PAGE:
Frank: Stewart Baker's comment seems to me to go too far. The kinds of
problems he raises exist with dial-a-porn, but the Court had no trouble
striking down a complete ban. It noted that use of credit cards, etc., was
a less restrictive alternative. Similar arguments would appear to exist
with respect to interactive computer services.
Robert Corn-Revere: It is important to note that every Supreme Court
decision since 1978, and many lower court decisions, have emphasized that
holding is quite narrow. It is doubtful that its conclusions can be
stretched to fit other technologies that are not, by any stretch of the
imagination, as ubiquitous as radio or television. Nor are computers
uniquely accessible to children, including those "too young to read."
The analogy of a vending machine for porn in the elementary schools is
amusing, but beside the point. It is not as if the Amateur Action
bulletin-board operators installed terminals in people's homes and then
suggested that they could block the input if they didn't like the message.
Rather, people chose to buy computers in the first place; they make a
further choice to go online, usually by paying a subscription fee to a
third party; and they may make an additional choice about whether to use
the screening software provided with most commercial services. In
addition, they may install added screening software.
is an exception to normal constitutional standards that has been applied
in a limited context. It is not the norm, and is inappropriate when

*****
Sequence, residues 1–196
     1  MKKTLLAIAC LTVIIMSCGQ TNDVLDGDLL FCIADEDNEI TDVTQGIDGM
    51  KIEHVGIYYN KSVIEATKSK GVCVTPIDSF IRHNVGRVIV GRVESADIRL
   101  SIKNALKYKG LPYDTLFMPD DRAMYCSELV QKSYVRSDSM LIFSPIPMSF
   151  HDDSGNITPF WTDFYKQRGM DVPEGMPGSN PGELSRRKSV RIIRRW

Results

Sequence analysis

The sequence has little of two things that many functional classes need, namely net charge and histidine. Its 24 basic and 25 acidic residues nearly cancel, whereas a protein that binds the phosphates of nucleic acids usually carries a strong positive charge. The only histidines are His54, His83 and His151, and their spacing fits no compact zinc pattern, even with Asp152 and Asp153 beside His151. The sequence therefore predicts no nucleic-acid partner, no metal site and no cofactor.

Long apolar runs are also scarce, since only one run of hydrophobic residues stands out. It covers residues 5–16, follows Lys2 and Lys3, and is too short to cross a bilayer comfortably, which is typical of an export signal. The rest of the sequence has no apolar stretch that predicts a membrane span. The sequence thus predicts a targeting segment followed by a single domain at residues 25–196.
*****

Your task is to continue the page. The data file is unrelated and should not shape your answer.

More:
applied to online technologies.
Baker: At various times in our long relationship, Bob has been a valued
colleague, an effective gadfly, and a ferocious debating partner. But I'm
not sure he's answered the hypothetical. He says people choose to buy
computers and online services. True enough, but they also choose to send
their kids to school on public sidewalks. The question is whether they and
their government have any right to control what kids encounter on the
sidewalks or in cyberspace. I don't think that would be a hard question if
it weren't for the damage done to the rights of adults. (No one doubles,
surely, that government can require adult bookstores to exclude children.)
It strikes me as a bit weird to argue that parents don't have to get
computers or online services if they don't want their kids accessing
or worse. The online services and cyberspace advocates have been telling
us for years that we don't have a choice: We have to be online to gain
access (for ourselves and our children) to the wonders of the information
age. Indeed, Bob [Corn-Revere] seems to be making an argument he'd abhor
if applied to him: that people who don't share his values don't belong
Setting aside Bob's "Cyberspace: Love It or Leave It" argument, we're back